Rep. C.A. Dutch Ruppersberger (D-Md.) is retiring from Congress at the end of this year, hanging up his hat in the House after serving 11 terms in the upper chamber.
Ruppersberger, 77, who was first elected to the House in 2002, said the time has come for a new generation of leaders in Washington.
“This was an incredibly difficult decision for me because, now more than ever, Congress needs thoughtful, end-game representatives like me — members who care more about constituents and our country and less about cable news hits. But it is time to pass the torch to a younger generation of leaders and I am looking forward to spending more time with my family.” Ruppersberger wrote in a statement.
Ruppersberger, who represents Maryland’s second Congressional district, sits on the House Appropriations Committee. He previously served on the House Intelligence Committee, and for four years was the top Democrat on the panel.
Before Congress, Ruppersberger was a Baltimore County Councilman and Baltimore County Executive.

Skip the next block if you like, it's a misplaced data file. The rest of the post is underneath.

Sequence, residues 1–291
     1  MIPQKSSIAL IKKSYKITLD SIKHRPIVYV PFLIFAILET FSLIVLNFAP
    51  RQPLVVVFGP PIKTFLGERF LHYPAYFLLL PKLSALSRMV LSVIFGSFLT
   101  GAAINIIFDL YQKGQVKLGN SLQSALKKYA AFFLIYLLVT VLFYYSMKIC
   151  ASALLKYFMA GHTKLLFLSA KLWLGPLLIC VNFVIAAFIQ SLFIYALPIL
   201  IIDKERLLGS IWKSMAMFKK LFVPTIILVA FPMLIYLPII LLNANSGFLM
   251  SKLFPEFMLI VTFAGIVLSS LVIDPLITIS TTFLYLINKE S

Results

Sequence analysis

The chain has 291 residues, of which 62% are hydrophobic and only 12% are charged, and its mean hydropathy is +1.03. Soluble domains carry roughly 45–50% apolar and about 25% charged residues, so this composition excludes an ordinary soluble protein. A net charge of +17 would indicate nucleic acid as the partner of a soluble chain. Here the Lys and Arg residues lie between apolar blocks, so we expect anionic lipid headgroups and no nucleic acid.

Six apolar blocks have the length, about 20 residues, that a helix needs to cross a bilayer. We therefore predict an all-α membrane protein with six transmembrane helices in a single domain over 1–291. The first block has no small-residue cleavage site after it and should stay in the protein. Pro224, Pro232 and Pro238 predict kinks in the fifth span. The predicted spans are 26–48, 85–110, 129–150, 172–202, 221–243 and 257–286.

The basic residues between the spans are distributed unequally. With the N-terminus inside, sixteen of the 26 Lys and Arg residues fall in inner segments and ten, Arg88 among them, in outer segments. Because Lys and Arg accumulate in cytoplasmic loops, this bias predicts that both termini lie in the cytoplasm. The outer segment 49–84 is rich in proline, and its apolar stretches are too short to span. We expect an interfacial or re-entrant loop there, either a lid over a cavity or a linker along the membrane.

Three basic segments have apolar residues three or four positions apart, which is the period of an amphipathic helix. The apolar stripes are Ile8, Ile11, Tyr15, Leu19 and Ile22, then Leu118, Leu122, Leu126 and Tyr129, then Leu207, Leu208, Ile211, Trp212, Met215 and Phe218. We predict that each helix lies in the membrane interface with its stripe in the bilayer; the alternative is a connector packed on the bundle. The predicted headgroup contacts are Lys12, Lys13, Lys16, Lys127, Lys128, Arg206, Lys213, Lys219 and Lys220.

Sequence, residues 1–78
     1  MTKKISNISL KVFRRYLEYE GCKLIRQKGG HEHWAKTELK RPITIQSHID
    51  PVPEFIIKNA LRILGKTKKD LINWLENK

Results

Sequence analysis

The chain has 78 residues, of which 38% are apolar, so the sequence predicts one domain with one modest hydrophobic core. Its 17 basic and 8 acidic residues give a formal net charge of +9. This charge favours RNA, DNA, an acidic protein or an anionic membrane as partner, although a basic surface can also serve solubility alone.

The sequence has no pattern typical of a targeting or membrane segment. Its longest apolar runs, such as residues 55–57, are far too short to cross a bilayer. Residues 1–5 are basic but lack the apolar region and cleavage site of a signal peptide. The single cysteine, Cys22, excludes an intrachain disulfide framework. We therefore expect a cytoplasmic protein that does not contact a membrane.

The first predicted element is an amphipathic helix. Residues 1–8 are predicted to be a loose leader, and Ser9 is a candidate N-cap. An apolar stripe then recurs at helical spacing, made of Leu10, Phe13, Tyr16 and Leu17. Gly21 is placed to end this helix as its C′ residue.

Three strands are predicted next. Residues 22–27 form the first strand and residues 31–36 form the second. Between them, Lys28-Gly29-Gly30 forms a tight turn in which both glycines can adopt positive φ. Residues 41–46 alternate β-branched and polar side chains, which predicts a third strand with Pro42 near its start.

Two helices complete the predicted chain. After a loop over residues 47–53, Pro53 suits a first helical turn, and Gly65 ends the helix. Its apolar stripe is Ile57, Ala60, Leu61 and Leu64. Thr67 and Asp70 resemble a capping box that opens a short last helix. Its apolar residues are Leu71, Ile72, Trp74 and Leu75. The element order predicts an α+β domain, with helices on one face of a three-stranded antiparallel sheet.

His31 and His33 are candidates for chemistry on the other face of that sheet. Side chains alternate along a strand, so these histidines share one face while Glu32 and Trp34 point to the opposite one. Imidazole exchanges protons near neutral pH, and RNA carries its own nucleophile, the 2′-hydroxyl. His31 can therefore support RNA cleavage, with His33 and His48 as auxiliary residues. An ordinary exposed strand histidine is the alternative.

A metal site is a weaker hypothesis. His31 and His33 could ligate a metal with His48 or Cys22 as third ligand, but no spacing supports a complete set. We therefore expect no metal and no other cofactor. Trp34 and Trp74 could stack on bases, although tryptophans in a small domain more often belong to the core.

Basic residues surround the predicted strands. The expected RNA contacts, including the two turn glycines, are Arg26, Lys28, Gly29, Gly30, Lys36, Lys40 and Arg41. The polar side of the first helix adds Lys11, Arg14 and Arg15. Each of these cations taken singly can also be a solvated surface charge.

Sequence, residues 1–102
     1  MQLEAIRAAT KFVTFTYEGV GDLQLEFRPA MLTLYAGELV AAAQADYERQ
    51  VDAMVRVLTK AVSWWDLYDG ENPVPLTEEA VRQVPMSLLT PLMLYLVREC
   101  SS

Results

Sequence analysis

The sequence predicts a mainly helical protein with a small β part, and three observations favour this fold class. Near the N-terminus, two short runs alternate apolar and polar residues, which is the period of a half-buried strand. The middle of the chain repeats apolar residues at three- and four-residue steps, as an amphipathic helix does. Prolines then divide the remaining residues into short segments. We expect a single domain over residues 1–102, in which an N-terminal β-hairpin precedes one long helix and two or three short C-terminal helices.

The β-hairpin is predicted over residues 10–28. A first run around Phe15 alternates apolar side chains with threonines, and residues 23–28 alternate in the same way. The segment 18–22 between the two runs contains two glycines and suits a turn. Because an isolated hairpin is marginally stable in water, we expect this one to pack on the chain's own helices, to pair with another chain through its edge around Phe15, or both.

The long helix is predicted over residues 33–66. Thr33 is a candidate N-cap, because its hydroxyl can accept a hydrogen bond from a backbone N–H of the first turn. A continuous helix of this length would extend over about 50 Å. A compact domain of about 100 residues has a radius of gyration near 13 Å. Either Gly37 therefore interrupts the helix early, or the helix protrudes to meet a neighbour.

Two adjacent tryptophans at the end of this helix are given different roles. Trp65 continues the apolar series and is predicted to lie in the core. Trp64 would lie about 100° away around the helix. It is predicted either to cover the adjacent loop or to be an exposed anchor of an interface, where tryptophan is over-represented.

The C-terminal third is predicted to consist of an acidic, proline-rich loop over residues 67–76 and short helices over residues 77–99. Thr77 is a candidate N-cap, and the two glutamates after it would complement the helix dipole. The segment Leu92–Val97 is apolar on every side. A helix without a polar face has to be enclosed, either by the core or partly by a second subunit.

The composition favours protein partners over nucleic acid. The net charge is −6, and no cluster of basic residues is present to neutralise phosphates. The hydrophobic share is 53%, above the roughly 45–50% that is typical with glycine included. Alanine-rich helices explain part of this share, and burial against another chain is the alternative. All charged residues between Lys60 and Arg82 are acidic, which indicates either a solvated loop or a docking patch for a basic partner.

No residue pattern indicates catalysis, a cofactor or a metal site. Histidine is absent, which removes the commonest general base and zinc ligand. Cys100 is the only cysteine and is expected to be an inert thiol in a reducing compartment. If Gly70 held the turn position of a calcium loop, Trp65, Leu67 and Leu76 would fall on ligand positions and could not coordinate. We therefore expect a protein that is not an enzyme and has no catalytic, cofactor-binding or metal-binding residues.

In his statement on Friday, the Maryland Democrat cited work he did on Social Security and Medicare, veterans benefits and healthcare.
“I am so proud of what we have accomplished. Together with my staff — which is the best team in the country — we have provided service to countless constituents over the years, including seniors navigating Social Security and Medicare, veterans having trouble accessing their benefits and families facing foreclosure,” he said.
“In Washington, we helped pass landmark legislation expanding access to healthcare insurance, investing in our country’s aging infrastructure and policies to help weather an unprecedented global pandemic and combat climate change,” he added.
He also paid homage to the Baltimore Ravens, who are playing the Kansas City Chiefs on Sunday for a spot in the Super Bowl.
“Let’s go Ravens,” Ruppersberger said at the end of a video announcing his decision not to run for another term.
Democrats are likely to hang on to Ruppersberger’s seat in November. President Biden easily won the district in the 2020 election, besting former President Trump 59.4 percent to 38.6 percent.
Ruppersberger is the 41st lawmaker to announce their retirement from the House or unveil plans to seek another office, according to the House press gallery. Democrats are currently leaving the chamber in higher numbers than Republicans, 23 to 18.
The swell of lawmakers running for the exits comes as members are making their way through a particularly unproductive congressional session. Congress enacted just a handful of bills last year, and lawmakers had to work through two Speaker races, a pair of potential government shutdowns and almost triggering the first-ever economic default.